render();
    }

    For a Drag action, we can determine which cylinder was clicked using the same test as for delete. However, the problem of moving the cylinder as the user drags the mouse raises a new issue: how do we know where to put the cylinder when the mouse moves? We somehow have to transform a new mouse position into a new position for the cylinder. For that, we can use the raycaster again. My first thought was to create a ray from the camera through the new mouse position, use that ray to find its intersection with the ground, and then to move the cylinder to that point of intersection. Unfortunately, this puts the base of the cylinder at the mouse position, and it made the cylinder jump to the wrong position as soon as I started moving the mouse. I realized that I didn’t want to track the intersection with the ground; I needed to track the intersection with a plane that lies at the same height as the original point of intersection. To implement this, I add an invisible plane at that height just during dragging, and I use intersections with that plane instead of intersections with the ground. (You can have invisible objects in three.js—just set the visible property of the material to false.)

     

    Shadows

    One thing that has been missing in our 3D images is shadows. Even if you didn’t notice the lack consciously, it made many of the images look wrong. Shadows can add a nice touch of realism to a scene, but OpenGL, including WebGL, cannot generate shadows automatically. There are ways to compute shadows that can be implemented in OpenGL, but they are tricky to use and they are not completely realistic physically. One method, which is called shadow mapping, is implemented in three.js. Shadow mapping in three.js is certainly not trivial to use, but it is easier than trying to do the same thing from scratch.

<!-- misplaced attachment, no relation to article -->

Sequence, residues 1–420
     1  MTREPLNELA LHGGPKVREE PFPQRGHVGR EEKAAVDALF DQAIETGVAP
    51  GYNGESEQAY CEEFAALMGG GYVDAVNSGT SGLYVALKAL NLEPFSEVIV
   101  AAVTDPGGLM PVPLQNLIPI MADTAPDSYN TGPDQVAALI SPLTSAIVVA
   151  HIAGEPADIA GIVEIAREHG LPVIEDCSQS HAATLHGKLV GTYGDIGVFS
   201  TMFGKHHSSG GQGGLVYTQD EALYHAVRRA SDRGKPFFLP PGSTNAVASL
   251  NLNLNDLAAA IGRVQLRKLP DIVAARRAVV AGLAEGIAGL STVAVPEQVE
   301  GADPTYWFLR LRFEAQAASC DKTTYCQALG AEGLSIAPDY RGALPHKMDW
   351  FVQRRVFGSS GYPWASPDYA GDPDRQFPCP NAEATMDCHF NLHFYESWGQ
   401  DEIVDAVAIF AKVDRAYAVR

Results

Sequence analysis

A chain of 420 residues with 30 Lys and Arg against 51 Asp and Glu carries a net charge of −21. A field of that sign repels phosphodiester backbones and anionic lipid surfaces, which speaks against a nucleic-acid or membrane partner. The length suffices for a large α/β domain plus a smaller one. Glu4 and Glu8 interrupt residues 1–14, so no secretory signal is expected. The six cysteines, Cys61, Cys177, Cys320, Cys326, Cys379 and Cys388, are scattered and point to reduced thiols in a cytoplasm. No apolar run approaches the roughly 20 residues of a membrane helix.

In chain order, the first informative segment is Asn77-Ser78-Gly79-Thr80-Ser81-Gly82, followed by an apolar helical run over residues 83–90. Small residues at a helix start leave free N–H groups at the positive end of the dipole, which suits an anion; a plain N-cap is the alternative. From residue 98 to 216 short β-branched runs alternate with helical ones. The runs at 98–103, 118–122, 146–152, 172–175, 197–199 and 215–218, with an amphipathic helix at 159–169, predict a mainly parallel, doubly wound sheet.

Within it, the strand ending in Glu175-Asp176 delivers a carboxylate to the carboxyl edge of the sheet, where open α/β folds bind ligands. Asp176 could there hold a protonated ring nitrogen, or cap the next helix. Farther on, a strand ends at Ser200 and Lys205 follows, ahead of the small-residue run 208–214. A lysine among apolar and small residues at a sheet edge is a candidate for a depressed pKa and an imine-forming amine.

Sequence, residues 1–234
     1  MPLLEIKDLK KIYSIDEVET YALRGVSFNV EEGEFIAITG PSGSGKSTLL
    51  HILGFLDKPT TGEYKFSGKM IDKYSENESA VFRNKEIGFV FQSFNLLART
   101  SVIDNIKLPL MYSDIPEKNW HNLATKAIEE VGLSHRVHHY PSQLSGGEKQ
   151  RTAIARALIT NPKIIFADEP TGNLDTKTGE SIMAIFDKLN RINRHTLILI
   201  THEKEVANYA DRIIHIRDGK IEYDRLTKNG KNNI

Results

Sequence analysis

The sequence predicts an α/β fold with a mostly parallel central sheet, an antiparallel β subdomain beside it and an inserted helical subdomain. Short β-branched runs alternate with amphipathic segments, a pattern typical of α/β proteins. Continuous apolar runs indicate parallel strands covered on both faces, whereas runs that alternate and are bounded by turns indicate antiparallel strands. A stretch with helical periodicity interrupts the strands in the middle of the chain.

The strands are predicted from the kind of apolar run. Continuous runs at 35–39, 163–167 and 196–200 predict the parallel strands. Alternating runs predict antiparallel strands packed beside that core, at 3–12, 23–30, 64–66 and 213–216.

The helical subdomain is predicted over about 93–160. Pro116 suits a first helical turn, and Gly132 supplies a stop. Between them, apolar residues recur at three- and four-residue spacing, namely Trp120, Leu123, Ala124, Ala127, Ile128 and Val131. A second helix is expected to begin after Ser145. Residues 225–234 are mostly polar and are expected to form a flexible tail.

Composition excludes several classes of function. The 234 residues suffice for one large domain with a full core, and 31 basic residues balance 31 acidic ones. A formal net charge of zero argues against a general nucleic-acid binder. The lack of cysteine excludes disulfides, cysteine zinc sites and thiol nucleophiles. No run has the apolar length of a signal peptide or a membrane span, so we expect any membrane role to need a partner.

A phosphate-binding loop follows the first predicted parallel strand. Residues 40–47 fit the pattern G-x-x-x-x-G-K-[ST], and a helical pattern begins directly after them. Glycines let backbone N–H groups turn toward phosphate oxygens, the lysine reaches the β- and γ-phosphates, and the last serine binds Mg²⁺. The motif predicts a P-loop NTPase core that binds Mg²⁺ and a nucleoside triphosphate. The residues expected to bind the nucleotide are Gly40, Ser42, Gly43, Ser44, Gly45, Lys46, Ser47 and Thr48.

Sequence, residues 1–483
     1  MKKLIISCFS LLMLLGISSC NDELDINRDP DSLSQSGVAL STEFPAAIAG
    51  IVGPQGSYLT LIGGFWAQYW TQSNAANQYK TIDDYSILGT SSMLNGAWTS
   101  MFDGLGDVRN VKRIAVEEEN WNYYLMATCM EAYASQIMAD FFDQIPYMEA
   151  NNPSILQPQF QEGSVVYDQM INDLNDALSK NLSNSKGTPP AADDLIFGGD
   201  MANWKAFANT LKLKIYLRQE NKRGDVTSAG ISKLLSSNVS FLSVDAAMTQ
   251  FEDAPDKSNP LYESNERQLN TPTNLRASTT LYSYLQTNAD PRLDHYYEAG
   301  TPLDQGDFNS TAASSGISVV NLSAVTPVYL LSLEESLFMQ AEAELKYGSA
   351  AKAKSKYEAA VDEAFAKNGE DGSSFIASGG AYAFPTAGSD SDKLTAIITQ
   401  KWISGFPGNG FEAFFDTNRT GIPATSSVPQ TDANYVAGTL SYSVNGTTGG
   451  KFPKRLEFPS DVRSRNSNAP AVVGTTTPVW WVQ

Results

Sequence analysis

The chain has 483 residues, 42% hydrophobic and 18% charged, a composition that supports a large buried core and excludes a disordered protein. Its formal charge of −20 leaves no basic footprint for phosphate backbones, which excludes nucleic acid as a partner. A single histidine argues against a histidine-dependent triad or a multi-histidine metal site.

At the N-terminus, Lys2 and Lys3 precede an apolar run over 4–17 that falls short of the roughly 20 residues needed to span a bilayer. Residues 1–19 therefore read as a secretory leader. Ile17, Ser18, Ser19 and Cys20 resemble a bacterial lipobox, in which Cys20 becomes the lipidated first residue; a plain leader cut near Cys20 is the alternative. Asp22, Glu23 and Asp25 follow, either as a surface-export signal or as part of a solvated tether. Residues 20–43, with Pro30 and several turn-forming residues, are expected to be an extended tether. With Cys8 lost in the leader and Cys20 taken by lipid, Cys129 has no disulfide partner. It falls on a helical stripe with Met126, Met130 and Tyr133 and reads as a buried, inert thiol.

The online demo c5/shadows.html shows a three.js scene that uses shadow mapping. The lights that cast the shadows can be animated, so you can watch the shadows change as the lights move. Here is an image from the demo:

    Figure 88

    The basic idea of shadow mapping is fairly straightforward: To tell what parts of a scene are in shadow, you have to look at the scene from the point of view of the light source. Things that are visible from the point of view of the light are illuminated by that light. Things that are not visible from the light are in shadow. (This is ignoring the possibility of transparency and indirect, reflected light, which cannot be handled by shadow mapping.) To implement this idea, place a camera at the light source and take a picture. In fact, you don’t need the picture itself. What you need is the depth buffer. After the picture has been rendered, the value stored in the depth buffer for a given pixel contains, essentially, the distance from the light to the object that is visible from the the light at that point. That object is illuminated by the light. If an object is at greater depth than the value stored in the depth buffer, then that object is in shadow. The depth buffer is the shadow map. Now, go back to the point of view of the camera, and consider a point on some object as it is rendered from the camera’s point of view. Is that point in shadow or not? You just have to transform that point from the camera’s viewing coordinates to the light’s viewing coordinates and check the depth of the transformed point. If that depth is greater than the corresponding value in the shadow map, then the point is in shadow. Note that if there are several lights, each light casts its own shadows, and you need a shadow map for each light.

    It is computationally expensive to compute shadow maps and to apply them, and shadows are disabled by default in three.js. To get shadows, you need to do several things. You need to enable shadow computations in the WebGL renderer by saying

    renderer.shadowMap.enabled = true;

    Only DirectionalLights and SpotLights can cast shadows. To get shadows from a light, even after enabling shadows in the renderer, you have to set the light’s castShadow property to true:

    light.castShadow = true; // This light will cast shadows.